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Automated vehicle technology is starting to show up wherever there’s wheels — including motorcycles

The market is attracting startups and traditional automotive suppliers alike.

A black man in jeans and a minimalist motorcycle helmet rides a large black motorcycle during Black Bikers Week. Sean Rayford / Getty

It’s not only cars and trucks: Some companies are starting to focus on making motorcycles safer with automated-driving technology.

Exposed to the elements and operating on two wheels instead of four, motorcyclists are particularly defenseless in the event of a crash. According to the U.S. National Highway Traffic Safety Administration, motorcycle fatalities in 2016 happened 28 times more frequently per mile traveled than car fatalities.

Yet there’s been little innovation in the motorcycle safety industry until recently.

Earlier this year, major auto parts supplier Bosch announced it was working on driver-assistance systems for motorcycles, like adaptive cruise control, which accelerates and decelerates to avoid potential collisions.

Before that, a Canadian startup called Damon X Labs also launched with the intention of creating a similar system for motorcycles.

Now, Israel-based startup Ride Vision is also working on rider safety features for motorcycles and recently raised its first round of financing, $2.5 million, led by YL Ventures.

For now, Ride Vision is focused on creating an alert system that uses relatively inexpensive front- and rearview cameras to give a 360-degree view of the motorcycle’s immediate surroundings. The system uses lights attached to the motorcycle’s rearview mirrors to alert the motorcyclist when there is a chance of collision — whether there’s a car passing or if the rider is leaning too hard.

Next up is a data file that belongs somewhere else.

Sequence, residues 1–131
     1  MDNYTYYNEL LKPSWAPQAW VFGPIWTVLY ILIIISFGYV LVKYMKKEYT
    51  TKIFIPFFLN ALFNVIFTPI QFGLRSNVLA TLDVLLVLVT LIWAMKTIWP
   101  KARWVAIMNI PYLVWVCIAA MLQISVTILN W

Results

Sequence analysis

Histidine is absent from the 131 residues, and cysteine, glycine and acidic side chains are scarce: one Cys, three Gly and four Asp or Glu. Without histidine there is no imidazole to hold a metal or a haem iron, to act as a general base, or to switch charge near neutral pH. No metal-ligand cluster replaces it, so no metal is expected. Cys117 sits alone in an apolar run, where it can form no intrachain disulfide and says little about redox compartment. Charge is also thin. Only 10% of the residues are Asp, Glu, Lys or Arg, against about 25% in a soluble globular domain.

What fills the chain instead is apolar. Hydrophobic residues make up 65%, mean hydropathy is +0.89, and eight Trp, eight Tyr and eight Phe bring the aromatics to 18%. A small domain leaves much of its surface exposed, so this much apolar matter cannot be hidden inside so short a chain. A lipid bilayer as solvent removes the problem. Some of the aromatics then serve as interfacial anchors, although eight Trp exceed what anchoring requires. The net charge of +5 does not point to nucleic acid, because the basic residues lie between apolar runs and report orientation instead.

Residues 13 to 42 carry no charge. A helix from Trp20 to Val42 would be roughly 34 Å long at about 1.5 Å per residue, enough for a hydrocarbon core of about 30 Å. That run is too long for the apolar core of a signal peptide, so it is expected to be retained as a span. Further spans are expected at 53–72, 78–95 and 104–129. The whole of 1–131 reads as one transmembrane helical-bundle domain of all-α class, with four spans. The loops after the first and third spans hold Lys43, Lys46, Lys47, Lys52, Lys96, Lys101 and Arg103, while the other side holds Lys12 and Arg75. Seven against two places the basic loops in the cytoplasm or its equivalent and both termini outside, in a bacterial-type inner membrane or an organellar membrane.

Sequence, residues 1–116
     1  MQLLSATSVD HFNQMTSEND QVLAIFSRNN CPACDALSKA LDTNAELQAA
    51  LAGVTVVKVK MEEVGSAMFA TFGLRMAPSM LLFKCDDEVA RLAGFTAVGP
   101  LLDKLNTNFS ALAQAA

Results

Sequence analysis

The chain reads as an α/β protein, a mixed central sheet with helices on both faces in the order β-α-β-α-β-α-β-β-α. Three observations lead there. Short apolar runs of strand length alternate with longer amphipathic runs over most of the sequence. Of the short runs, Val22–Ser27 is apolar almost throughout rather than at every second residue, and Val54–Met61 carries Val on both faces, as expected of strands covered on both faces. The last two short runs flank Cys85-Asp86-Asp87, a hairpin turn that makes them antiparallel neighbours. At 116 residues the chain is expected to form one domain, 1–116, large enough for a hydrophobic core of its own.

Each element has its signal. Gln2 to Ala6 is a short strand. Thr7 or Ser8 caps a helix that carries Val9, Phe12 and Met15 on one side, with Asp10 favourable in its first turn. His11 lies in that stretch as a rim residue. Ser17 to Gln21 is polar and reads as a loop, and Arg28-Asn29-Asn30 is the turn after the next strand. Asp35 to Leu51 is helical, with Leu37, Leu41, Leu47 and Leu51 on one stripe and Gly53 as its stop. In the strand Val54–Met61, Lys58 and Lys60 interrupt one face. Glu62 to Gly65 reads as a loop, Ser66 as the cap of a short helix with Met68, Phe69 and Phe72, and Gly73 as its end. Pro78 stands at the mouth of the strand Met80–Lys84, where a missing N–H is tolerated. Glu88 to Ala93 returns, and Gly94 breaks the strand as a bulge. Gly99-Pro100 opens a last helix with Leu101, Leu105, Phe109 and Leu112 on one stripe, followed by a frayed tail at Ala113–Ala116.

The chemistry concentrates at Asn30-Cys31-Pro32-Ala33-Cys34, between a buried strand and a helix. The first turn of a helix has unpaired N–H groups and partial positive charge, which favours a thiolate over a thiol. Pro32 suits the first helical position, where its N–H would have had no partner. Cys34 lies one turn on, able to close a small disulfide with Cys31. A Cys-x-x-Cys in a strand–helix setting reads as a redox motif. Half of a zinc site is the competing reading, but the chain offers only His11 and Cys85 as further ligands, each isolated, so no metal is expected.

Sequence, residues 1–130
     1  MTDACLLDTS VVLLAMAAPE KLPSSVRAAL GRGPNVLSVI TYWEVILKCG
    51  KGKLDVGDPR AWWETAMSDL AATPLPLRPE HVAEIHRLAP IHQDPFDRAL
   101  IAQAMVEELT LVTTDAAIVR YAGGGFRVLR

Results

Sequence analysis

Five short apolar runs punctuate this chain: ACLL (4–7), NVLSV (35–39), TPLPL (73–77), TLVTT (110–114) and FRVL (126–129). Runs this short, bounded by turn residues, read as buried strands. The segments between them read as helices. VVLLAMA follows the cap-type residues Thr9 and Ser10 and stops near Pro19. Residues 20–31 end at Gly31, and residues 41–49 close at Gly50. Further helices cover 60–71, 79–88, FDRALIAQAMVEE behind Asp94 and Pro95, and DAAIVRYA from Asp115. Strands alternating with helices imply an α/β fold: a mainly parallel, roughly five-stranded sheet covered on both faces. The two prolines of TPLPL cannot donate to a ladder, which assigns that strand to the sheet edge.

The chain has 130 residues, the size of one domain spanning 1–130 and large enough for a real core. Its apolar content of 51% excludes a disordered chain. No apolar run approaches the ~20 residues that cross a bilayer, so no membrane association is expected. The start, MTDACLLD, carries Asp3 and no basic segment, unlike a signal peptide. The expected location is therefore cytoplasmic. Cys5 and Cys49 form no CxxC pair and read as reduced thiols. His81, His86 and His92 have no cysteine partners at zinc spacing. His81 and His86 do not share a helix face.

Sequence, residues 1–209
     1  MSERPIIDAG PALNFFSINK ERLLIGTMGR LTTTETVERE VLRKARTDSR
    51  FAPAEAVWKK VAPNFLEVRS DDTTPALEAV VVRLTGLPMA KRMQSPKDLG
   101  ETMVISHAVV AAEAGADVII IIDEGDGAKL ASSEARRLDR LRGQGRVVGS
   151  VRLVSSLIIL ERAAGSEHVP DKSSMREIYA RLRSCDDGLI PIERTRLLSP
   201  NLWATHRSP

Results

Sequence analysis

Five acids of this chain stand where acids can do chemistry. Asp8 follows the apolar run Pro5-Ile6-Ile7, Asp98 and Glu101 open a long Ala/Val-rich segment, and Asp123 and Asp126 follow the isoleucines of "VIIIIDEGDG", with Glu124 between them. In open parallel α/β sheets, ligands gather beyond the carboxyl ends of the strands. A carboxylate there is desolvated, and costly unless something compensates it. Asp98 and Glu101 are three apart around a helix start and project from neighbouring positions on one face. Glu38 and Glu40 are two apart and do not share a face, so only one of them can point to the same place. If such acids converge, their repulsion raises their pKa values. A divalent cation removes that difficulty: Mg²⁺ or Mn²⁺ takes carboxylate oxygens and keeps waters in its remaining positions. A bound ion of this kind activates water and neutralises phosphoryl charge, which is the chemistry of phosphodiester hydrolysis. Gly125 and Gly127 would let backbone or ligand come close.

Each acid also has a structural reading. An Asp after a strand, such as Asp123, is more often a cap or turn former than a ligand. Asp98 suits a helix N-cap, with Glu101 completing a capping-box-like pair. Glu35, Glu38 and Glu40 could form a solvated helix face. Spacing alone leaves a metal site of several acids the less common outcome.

The idea would be to build these systems into future bikes from traditional motorcycle makers — Ride Vision isn’t trying to become a manufacturer like Harley or Honda.

While some of the self-driving sensors and systems are the same between cars and motorcycles, it’s a notably different product.

For one, because most motorcycle usage — and some 97 percent of motorcycle accidents — occurs in good weather conditions, it’s less important to design systems for rain or snow. That means cameras may be sufficient for their vision systems — and expensive radar or lidar sensors may not be necessary, according to Ride Vision co-founder Uri Lavi.

That has the potential to cut the cost and time to integrate these systems into production vehicles.

Another difference relates to the driving mechanics of a motorcycle. While driver-assistance systems for cars typically incorporate automatic emergency braking, it’s actually less safe to force a motorcycle to stop abruptly, according to Lavi. Depending on the situation, it may make more sense to speed up or slow the motorcycle to avoid collision.

“It can’t brake like a car,” Lavi told Recode. “You’ll kill the driver.”

While the mechanics are different, the automated motorcycle industry will likely move in a similar direction as the autonomous car industry. Startups and suppliers alike will rush to partner with major motorcycle manufacturers to begin testing and then eventually producing vehicles with this technology.

Ride Vision, for example, says it’s currently in discussions with a number of suppliers and motorcycle manufacturers, but wouldn’t disclose which. Considering the systems’ relatively low demands for hardware costs and capabilities, there may also be an opportunity to sell direct to consumers.

It’s unlikely Ride Vision, Bosch and the few others in the space will be alone for much longer. The death rate alone is reason enough for new and existing players to look at making motorcycles safer. And while the motorcycle market is a fraction of the size of the passenger car market, U.S. motorcycle sales still average about 500,000 units a year — which still pales in comparison to motorcycle sales in places like China which saw 1.35 million units sold just in April 2018.

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